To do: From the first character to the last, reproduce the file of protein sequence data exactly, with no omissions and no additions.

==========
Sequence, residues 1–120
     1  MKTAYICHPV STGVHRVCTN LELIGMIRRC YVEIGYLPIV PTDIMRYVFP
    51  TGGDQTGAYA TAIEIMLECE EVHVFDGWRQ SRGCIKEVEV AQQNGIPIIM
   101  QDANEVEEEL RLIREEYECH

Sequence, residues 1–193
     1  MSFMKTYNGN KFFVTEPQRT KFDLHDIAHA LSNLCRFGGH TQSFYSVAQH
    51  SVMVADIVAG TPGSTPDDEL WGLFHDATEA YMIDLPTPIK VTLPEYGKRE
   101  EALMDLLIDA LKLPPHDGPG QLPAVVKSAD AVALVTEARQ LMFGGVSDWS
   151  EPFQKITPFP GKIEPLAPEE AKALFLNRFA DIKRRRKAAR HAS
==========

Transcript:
Sequence, residues 1–120
     1  MKTAYICHPV STGVHRVCTN LELIGMIRRC YVEIGYLPIV PTDIMRYVFP
    51  TGGDQTGAYA TAIEIMLECE EVHVFDGWRQ SRGCIKEVEV AQQNGIPIIM
   101  QDANEVEEEL RLIREEYECH

Sequence, residues 1–193
     1  MSFMKTYNGN KFFVTEPQRT KFDLHDIAHA LSNLCRFGGH TQSFYSVAQH
    51  SVMVADIVAG TPGSTPDDEL WGLFHDATEA YMIDLPTPIK VTLPEYGKRE
   101  EALMDLLIDA LKLPPHDGPG QLPAVVKSAD AVALVTEARQ LMFGGVSDWS
   151  EPFQKITPFP GKIEPLAPEE AKALFLNRFA DIKRRRKAAR HAS